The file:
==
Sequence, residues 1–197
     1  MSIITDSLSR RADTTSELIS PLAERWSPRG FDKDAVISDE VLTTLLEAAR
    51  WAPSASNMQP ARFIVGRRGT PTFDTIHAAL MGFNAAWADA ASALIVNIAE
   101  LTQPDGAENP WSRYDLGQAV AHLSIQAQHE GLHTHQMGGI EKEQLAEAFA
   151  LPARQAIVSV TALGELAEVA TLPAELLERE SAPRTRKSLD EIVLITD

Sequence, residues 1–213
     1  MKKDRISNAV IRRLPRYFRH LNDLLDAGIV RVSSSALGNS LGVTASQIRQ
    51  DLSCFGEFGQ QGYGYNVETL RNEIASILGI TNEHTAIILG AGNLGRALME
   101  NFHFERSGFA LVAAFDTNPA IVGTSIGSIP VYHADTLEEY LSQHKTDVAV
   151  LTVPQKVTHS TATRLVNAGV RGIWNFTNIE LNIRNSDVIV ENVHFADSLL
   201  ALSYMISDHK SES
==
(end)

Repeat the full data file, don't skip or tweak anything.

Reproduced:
Sequence, residues 1–197
     1  MSIITDSLSR RADTTSELIS PLAERWSPRG FDKDAVISDE VLTTLLEAAR
    51  WAPSASNMQP ARFIVGRRGT PTFDTIHAAL MGFNAAWADA ASALIVNIAE
   101  LTQPDGAENP WSRYDLGQAV AHLSIQAQHE GLHTHQMGGI EKEQLAEAFA
   151  LPARQAIVSV TALGELAEVA TLPAELLERE SAPRTRKSLD EIVLITD

Sequence, residues 1–213
     1  MKKDRISNAV IRRLPRYFRH LNDLLDAGIV RVSSSALGNS LGVTASQIRQ
    51  DLSCFGEFGQ QGYGYNVETL RNEIASILGI TNEHTAIILG AGNLGRALME
   101  NFHFERSGFA LVAAFDTNPA IVGTSIGSIP VYHADTLEEY LSQHKTDVAV
   151  LTVPQKVTHS TATRLVNAGV RGIWNFTNIE LNIRNSDVIV ENVHFADSLL
   201  ALSYMISDHK SES